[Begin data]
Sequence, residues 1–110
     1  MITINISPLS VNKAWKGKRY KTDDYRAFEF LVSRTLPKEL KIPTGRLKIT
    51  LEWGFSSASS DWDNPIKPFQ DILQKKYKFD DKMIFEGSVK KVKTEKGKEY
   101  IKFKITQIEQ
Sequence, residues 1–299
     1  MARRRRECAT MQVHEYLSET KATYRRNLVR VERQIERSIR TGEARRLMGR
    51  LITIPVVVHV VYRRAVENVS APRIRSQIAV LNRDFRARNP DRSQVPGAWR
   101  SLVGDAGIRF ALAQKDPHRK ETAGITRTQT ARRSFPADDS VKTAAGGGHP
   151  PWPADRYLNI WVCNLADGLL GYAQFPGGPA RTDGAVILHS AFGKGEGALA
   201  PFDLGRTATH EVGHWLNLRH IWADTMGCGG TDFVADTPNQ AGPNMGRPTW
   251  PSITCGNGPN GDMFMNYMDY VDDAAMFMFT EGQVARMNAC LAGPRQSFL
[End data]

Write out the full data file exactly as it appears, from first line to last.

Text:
Sequence, residues 1–110
     1  MITINISPLS VNKAWKGKRY KTDDYRAFEF LVSRTLPKEL KIPTGRLKIT
    51  LEWGFSSASS DWDNPIKPFQ DILQKKYKFD DKMIFEGSVK KVKTEKGKEY
   101  IKFKITQIEQ
Sequence, residues 1–299
     1  MARRRRECAT MQVHEYLSET KATYRRNLVR VERQIERSIR TGEARRLMGR
    51  LITIPVVVHV VYRRAVENVS APRIRSQIAV LNRDFRARNP DRSQVPGAWR
   101  SLVGDAGIRF ALAQKDPHRK ETAGITRTQT ARRSFPADDS VKTAAGGGHP
   151  PWPADRYLNI WVCNLADGLL GYAQFPGGPA RTDGAVILHS AFGKGEGALA
   201  PFDLGRTATH EVGHWLNLRH IWADTMGCGG TDFVADTPNQ AGPNMGRPTW
   251  PSITCGNGPN GDMFMNYMDY VDDAAMFMFT EGQVARMNAC LAGPRQSFL